I think my definition of success has stayed pretty consistent. I want to make awesome things with awesome people who are smart and passionate, hopefully on a level that can garner a big audience. My intention is for my approach to be as fearless as possible, whether that be in TV/film or live performance. Some times are easier than others to get my head right around that, but I manage to get there more than ever lately, which is exciting.
Flour or corn tortillas on your breakfast tacos?
Kick off the month with Patterson on Sept. 1 at the Institution Theater as part of the Out of Bounds Comedy Festival; find out more about the fest at oobfest.com.
Here are more samples from Austin’s comedy buffet in September.
Dudley & Bob + Matt Sideshow at Cap City Comedy Club. The popular KLBJ-FM morning show Dudley & Bob + Matt has been a good home for both local and touring comics; they launched their "Sideshow Podcast" four years ago. Guests for the live "Sideshow" in the past have included comedian Ron White, former Austin Police Chief Art Acevedo and a multitude of musical acts.
Sept. 7 and 8
Kath Barbadoro at the Velveeta Room. Kath has been on Comedy Central’s "Roast Battle" and PBS’s "Stand Up Empire" and was a correspondent on the CW’s "ATX Uncensored(ish)" when she was making the Austin comedy rounds. She is now based in New York and is one of the funniest self-proclaimed "mean tweeters" I know. Catch her live at the 30-year-strong Velveeta Room when she returns to Austin to school us all.
"Smile More!" at Institution Theater. The future of comedy is female. "Smile More!" is a feminist stand-up comedy show curated by Valerie Nies that’ll have the audience smiling, but not because some random dude on the street suggested it. September’s lineup is stellar and includes Melody Shifflet, Norah Franklin, Maria Geary and Sarah Szarzynski.
Hannibal Buress at ACL Live. Yes, that Hannibal Buress. The comic whose onstage ad lib started the domino fall of Bill Cosby; the comic who earned cult status on Comedy Central’s "Broad City" and Adult Swim’s "Eric Andre Show." Yes, that’s his real name. In the Six Degrees of Austin Comedy game, he also appeared in "Spider-Man: Homecoming" with longtime Austinite Martha Kelly. Buress is loose, free and fiery as a furnace.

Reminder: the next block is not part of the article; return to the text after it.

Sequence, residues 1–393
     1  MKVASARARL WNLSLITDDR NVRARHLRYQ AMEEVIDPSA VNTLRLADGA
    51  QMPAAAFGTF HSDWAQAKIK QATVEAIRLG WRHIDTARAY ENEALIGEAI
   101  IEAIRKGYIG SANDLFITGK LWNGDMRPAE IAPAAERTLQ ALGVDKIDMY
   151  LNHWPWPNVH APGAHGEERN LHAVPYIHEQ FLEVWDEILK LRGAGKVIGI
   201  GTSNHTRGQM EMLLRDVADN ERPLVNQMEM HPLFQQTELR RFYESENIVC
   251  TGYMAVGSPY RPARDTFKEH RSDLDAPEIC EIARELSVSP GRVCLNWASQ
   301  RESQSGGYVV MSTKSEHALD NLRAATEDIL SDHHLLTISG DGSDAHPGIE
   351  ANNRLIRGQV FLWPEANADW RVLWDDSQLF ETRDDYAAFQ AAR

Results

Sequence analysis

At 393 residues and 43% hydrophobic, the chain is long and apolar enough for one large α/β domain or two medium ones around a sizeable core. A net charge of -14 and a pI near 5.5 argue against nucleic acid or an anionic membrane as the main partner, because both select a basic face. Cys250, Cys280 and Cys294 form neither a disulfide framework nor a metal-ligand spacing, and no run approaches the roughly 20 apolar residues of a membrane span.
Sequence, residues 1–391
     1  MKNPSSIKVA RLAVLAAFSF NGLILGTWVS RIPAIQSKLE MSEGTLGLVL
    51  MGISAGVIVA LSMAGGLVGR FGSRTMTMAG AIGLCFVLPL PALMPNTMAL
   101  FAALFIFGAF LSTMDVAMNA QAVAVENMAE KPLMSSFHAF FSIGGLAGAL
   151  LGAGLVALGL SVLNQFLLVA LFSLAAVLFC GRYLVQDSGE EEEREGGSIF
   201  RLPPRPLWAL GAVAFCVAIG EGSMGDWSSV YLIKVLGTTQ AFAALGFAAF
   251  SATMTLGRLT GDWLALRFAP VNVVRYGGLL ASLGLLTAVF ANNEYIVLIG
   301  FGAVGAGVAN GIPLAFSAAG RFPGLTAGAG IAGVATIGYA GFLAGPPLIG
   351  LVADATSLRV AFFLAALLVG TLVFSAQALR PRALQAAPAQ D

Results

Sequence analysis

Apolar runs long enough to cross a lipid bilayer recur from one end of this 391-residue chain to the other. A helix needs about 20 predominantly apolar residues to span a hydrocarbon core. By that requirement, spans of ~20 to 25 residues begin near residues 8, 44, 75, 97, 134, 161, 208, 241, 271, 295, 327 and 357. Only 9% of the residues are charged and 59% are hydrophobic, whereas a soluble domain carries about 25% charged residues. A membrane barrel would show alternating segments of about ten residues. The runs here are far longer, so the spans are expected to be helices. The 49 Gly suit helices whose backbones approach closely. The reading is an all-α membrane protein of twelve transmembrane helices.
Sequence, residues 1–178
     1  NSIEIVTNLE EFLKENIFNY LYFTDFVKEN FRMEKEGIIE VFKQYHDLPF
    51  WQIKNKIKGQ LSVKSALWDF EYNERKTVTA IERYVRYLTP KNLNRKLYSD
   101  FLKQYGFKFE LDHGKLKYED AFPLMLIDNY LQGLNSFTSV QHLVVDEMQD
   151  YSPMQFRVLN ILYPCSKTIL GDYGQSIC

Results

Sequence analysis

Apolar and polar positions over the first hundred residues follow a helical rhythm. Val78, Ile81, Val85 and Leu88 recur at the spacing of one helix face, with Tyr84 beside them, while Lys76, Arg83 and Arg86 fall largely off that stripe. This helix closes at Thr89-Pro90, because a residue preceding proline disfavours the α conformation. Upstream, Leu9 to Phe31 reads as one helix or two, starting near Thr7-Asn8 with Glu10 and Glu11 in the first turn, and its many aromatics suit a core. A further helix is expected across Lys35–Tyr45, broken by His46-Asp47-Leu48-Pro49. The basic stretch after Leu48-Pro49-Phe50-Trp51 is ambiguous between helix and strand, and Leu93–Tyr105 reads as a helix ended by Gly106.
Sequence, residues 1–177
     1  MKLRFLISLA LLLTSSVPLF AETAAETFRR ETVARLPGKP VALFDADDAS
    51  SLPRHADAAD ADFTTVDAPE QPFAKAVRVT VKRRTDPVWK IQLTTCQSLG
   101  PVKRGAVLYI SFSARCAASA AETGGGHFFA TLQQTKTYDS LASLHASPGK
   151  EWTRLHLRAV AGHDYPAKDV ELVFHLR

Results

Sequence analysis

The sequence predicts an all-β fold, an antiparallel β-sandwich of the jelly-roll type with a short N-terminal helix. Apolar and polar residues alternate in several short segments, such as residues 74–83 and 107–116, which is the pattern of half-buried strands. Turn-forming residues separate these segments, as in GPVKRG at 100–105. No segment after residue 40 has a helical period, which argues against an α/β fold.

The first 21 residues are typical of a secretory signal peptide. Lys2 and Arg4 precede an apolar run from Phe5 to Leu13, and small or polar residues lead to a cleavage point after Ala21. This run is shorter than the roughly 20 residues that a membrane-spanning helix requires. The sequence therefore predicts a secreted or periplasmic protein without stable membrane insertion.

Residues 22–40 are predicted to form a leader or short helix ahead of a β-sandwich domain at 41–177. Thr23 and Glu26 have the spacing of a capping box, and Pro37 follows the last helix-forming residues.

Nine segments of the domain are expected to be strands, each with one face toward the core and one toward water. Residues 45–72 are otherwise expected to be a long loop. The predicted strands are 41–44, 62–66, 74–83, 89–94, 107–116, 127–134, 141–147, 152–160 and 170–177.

Tim Allen at Bass Concert Hall. Who hasn’t heard of Tim Allen’s story? His troubled beginnings, which included a prison stint? His trademark grunt, which catapulted him to fame in the hit series "Home Improvement"? Hey, the guy even played Santa Claus! Allen made news last year when his show "Last Man Standing" was abruptly canceled by ABC and rose like a TV phoenix with a new home on Fox. Through all of it, Allen has been solidly touring as a stand-up. The larger-than-life Bass Concert Hall is the perfect setting for this larger-than-life comedy star.
Martini Ranch presents "Hidden Valley" at ColdTowne. LGBTQ sketch comedy group Martini Ranch returns to ColdTowne with a new show after their last sold-out run. "Hidden Valley" is hilariously honest, surprisingly tender and all-inclusive, directed by Abby Lincoln with musical direction by Brady Marchand.
"#IMOMSOHARD" at Bass Concert Hall. Moms, best friends and funny ladies Kristin Hensley and Jen Smedley are the creators of the web series "#IMOMSOHARD." The moms have hit the daytime TV circuit via "The Today Show" and "The Doctors," exploring motherhood with a bottle of wine in tow. They are currently developing a series for CBS, part of their plan for complete world mom-ination — yeah, I went there. Don’t hate. A good pun is its own reward.
Bruce Bruce at Cap City Comedy Club. Nobody loses it quite like Bruce Bruce, the former host of BET’s "ComicView" and constant go-to comic for Martin Lawrence, Mike Epps and Steve Harvey’s respective tours. Can you name another comic who’s been named-checked by the Ying Yang Twins in their song "Salt Shaker"? Nope.
Paul Reiser at Stateside at the Paramount. Will the real Paul Reiser stand up? Remember him in James Cameron’s "Aliens"? Bad guy. How about the past season of "Stranger Things"? Bad guy. Then there were the good-guy roles in TV’s "Mad About You" and "My Two Dads." More importantly, Reiser has been an accomplished comic for more than 30 years, dating back to the iconic Johnny Carson era. See him live when he hits the intimate Stateside Theatre downtown.